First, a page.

DEI alone is reason enough to engage the broad academic community to propose new ways forward and to imagine the features and structure of faculty appointments that would realize commitments and do no harm, and that at the same time would serve to preserve the principles and bring needed change to the institution of tenure. In 2020, many colleges and universities nationwide announced renewed commitments to diversity, equity, and inclusion through immediate faculty hiring and other initiatives. Some colleges and universities formed collaborative organizations to explore these issues together (e.g., Faculty Advancement Network and Liberal Arts Colleges Racial Equity Leadership Alliance). Fundamental to almost all of the explorations, proposals, and their success is the institution of tenure. How can the reform of faculty employment be strategically linked with the DEI conversations and, in so doing, lead to more justice, more diversity, more reasonableness, and more understanding that tenure is not a third rail but an opportunity? This is all the more difficult because tenure is not a single concept or policy. The structure for faculty work that is shaped by and supports tenure is determined by many thousands of policies and practices. These policies and practices are layered and vary from unit to unit within individual colleges and universities and from institution to institution across the spectrum of more than 4,000 colleges and universities nationwide.
One idea is a national “challenge” to engage all of higher education to design and test/implement improvements and innovations to advance the institution of tenure. It would challenge established outdated practices and processes that too often lead to damaging results both for individuals and across higher education and rather than challenging tenure per se. Indeed, the goal would be to bolster and modernize the institution of tenure—its policies, process, practices, and outcomes–-using design thinking or whatever best approach from within the institutions in small or large ways.1 Participants could be faculty, academic leaders, and those across the many dozens of relevant higher education associations (including, of course, the AAUP). The challenge would place the thinking and innovation on the ground with those who best understand and are affected most directly by the institution of tenure. It would provide a structure for not just talking about change. It would facilitate sharing and actually implementing new designs, at first incrementally but with the possibility for ever greater impact across all of higher education.2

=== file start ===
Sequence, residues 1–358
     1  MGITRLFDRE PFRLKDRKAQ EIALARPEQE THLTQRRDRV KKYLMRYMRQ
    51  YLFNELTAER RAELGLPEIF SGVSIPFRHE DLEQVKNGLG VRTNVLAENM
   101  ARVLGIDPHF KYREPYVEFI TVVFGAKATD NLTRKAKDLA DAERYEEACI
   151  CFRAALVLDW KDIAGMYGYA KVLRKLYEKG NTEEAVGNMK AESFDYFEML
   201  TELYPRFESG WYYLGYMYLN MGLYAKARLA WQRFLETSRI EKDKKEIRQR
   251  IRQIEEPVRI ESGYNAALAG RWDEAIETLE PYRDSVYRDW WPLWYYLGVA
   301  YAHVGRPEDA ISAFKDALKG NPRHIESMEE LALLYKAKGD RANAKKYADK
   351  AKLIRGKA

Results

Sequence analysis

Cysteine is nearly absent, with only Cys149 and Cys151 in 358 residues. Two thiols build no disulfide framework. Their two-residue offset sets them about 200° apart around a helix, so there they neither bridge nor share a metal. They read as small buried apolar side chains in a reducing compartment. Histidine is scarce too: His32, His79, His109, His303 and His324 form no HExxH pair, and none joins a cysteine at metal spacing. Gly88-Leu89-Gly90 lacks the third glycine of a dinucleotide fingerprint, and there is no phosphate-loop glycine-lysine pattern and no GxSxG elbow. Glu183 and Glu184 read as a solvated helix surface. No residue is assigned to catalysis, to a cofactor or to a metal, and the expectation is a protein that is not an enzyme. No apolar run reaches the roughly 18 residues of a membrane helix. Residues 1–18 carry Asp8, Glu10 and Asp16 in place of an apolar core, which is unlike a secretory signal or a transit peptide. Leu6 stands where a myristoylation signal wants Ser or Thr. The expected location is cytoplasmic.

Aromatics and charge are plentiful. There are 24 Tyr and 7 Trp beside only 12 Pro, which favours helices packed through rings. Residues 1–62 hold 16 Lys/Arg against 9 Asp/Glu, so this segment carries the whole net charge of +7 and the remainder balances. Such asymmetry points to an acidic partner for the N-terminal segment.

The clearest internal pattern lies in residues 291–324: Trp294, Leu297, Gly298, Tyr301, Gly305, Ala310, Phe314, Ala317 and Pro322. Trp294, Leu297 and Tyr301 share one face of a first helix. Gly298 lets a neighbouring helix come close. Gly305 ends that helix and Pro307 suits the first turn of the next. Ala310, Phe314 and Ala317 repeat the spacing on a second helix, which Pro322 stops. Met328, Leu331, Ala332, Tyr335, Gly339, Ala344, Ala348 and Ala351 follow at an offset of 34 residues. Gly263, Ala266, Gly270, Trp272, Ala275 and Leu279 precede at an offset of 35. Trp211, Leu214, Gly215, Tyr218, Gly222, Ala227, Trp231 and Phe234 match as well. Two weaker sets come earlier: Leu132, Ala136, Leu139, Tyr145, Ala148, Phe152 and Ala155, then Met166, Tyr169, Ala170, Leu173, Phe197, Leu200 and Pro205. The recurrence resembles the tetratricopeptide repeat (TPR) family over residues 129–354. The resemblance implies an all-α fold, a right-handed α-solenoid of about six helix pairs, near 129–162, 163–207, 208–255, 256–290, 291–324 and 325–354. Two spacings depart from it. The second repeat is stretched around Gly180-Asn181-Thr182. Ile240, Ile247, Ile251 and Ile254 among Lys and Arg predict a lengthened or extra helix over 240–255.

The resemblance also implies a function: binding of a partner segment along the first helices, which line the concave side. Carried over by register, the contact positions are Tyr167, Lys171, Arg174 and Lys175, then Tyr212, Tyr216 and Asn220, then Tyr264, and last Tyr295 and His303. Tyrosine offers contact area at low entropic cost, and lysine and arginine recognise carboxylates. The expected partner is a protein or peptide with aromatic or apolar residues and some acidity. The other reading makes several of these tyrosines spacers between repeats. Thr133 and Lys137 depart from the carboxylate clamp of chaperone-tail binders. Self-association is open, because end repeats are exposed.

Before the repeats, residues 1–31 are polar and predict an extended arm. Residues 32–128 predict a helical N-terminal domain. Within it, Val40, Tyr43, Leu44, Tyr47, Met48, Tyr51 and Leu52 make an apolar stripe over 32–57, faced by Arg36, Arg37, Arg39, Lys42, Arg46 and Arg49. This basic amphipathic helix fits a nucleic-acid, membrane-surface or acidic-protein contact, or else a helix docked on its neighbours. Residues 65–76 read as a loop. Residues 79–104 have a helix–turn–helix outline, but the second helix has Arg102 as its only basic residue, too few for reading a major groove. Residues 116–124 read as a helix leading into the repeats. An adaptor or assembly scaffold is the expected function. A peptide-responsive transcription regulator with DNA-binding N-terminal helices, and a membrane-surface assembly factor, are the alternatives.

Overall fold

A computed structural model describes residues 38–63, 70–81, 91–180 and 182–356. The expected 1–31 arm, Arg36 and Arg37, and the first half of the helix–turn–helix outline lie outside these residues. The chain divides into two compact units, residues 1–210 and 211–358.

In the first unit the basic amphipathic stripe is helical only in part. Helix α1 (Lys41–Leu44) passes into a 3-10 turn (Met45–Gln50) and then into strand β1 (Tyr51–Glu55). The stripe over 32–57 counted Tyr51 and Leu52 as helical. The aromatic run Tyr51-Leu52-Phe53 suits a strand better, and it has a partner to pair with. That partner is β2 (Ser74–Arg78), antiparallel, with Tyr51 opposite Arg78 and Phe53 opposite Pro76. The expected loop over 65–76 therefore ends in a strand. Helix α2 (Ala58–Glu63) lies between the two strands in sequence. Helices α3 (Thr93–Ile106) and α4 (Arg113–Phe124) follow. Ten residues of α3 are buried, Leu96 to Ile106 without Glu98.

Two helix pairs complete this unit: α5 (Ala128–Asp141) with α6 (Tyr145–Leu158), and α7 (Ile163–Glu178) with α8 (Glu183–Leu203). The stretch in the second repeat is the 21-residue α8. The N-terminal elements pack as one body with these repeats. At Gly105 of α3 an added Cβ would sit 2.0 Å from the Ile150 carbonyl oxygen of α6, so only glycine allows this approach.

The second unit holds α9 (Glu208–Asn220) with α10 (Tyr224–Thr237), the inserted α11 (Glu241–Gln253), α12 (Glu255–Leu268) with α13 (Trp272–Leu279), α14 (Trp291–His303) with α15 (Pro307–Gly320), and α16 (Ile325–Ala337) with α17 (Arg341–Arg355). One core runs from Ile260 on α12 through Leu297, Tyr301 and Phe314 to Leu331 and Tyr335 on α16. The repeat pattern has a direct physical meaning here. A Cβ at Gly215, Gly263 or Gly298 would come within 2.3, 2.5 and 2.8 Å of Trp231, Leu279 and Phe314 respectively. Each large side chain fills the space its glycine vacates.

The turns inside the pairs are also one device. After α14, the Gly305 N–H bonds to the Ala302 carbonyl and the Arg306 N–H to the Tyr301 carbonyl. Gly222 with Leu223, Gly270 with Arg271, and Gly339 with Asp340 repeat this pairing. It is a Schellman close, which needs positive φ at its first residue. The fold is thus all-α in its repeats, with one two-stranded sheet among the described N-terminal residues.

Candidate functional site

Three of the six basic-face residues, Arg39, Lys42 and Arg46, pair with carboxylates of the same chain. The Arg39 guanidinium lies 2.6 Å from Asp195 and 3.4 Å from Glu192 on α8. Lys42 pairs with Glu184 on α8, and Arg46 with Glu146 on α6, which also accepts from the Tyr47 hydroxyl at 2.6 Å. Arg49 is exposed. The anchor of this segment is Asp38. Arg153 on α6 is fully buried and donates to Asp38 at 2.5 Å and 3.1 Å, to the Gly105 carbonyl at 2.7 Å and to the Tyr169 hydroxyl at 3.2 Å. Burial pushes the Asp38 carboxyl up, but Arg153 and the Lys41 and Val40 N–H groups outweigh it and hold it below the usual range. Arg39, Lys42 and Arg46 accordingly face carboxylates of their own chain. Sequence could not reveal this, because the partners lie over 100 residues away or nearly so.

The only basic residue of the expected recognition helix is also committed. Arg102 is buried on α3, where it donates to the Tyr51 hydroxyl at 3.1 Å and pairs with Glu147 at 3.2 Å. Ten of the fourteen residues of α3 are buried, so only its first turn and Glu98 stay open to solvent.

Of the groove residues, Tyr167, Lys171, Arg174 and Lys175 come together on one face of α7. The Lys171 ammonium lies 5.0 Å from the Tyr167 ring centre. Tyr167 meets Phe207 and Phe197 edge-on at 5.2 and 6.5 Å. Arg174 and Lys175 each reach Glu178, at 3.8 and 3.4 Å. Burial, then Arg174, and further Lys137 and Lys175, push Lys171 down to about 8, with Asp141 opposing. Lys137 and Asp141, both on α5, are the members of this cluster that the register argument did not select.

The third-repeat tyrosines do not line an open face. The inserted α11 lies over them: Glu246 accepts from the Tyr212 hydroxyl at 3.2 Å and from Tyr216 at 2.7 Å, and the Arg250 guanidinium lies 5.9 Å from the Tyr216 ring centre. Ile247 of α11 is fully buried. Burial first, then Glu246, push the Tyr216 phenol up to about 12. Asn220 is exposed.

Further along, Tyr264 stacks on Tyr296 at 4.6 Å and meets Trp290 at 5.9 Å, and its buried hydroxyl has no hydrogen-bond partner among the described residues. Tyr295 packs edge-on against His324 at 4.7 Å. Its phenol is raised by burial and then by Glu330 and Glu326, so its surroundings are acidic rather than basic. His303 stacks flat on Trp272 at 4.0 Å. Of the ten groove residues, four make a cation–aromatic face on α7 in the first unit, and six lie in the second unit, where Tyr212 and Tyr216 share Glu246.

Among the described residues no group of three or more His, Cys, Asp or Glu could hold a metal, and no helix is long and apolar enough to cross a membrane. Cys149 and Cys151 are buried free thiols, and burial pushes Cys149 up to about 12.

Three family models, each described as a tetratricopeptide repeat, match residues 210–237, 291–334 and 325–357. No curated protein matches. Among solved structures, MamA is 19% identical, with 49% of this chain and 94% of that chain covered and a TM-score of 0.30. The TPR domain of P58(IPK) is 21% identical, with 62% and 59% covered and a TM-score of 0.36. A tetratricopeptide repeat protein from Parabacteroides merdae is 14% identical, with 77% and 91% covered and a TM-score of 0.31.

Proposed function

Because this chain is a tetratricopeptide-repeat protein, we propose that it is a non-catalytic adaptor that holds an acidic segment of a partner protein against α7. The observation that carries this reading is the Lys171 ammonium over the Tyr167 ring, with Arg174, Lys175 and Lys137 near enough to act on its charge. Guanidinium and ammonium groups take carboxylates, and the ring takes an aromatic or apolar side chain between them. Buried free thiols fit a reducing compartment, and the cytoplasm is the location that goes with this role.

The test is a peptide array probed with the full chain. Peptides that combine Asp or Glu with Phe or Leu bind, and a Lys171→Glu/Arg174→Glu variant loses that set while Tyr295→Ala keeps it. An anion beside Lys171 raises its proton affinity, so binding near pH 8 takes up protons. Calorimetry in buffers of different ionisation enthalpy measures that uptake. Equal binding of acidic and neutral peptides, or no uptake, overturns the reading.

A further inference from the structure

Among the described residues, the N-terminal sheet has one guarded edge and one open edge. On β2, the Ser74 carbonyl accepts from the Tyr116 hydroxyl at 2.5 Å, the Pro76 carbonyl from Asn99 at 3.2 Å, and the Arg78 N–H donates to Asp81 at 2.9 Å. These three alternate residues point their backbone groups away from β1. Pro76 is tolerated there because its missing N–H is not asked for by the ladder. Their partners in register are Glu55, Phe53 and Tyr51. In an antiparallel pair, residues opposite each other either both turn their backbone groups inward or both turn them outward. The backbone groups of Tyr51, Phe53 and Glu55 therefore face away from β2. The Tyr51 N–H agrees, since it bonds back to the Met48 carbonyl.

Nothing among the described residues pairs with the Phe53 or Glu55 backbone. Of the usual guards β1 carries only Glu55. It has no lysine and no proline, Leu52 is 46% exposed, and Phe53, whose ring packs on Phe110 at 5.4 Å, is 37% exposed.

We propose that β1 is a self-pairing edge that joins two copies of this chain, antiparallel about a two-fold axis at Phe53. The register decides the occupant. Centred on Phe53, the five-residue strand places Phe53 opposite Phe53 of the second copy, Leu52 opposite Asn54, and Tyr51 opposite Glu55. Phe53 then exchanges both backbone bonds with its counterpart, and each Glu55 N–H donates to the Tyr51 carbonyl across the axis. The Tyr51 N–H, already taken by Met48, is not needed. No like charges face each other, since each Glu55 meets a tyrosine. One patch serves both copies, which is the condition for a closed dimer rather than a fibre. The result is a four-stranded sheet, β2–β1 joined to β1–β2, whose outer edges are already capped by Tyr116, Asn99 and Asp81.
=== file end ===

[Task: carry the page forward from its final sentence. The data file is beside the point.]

If not a “challenge,” there are bound to be other ways to launch a campaign to inform the issue, socialize the opportunity, spur the activity, share the results, and eventually institutionalize sustainable and equitable tenure policies, practices, and outcomes—that is, together to find a more sustainable structure for faculty work in the 21st century, one that does no harm.
 An organization could be identified to host the challenge, provide or gain funding, register the participants, and then track all of the efforts to meet the challenge (trends, themes, best practices) and report out through the host organization, across the colleges and universities, and in the higher education media and beyond.
 Recent articles indicate that the campaign in effect has begun. For example, “Indiana University-Purdue University Indianapolis says it’s putting its policies where its mouth is, approving new promotion and tenure options based on diversity, equity and inclusion work”; three USC faculty developed a “customized guide about liberatory design thinking processes that have been tested within college settings to support changes that enhance equity in policies and practices within institutions.” And, “Worcester Polytechnic Institute in Massachusetts has quietly been working for about three years to improve its process for granting tenure to faculty in order to better reward those who are more focused on teaching than research.”